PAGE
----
This story was written by Craig Cook for the Advertiser newspaper.
As a young artist in the swinging sixties, Peter Findlay found he could make a few quid – and impress a fair few girls – by drawing pictures of the Beatles.
Little did he think he would actually get to meet the superstars.
The 20-year-old gave Bob Francis and Ron Tremain, the men responsible for bringing the Beatles to Adelaide, free paintings of themselves.
They were so impressed they commissioned him to paint John, Paul, George and Ringo.
On Friday June 12, 1964, as Findlay waited nervously in the South Australian Hotel to meet the Beatles, calamity struck. “The picture of John Lennon was lying on the floor when some clumsy fool stood on it,” said Findlay, now an established international artist. “The glass smashed, leaving a scar on John’s face.”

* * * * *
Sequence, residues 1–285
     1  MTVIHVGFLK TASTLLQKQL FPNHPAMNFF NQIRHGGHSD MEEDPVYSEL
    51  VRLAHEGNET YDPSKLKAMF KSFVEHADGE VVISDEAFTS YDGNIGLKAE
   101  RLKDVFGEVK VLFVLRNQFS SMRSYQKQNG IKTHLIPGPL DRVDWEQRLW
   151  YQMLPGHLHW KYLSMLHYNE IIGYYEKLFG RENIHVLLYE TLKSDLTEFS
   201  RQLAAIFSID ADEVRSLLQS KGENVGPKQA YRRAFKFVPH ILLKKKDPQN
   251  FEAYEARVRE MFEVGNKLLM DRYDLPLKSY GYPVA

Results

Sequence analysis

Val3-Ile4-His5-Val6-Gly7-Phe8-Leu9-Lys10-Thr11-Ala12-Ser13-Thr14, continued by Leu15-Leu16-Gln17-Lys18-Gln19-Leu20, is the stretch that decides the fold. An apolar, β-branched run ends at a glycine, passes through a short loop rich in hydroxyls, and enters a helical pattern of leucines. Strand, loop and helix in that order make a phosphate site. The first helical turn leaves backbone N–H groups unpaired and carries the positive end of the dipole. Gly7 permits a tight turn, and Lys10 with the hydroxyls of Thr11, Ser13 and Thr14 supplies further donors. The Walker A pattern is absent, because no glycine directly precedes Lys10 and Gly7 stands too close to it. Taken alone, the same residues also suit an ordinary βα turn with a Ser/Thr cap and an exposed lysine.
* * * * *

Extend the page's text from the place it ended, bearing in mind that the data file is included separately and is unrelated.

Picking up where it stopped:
Findlay rang a framer, who within minutes, desperately protecting a pane of glass, was pushing through the crowd of 15,000 screaming fans outside the hotel.
John, Paul and George – Ringo was too ill to travel to Adelaide and was replaced by drummer Jimmy Nichol – were thrilled with their portraits.
“I told John the story of what had happened and he said ‘I rather like the idea of getting a footprint on my cheek’, said Findlay, perfectly imitating a Liverpool accent.
Lennon scribbled a lengthy thank you note to him.
His paintings were taken to England and have appeared in several books on the Beatles. George Harrison’s portrait had pride of place above the fireplace at his Californian home.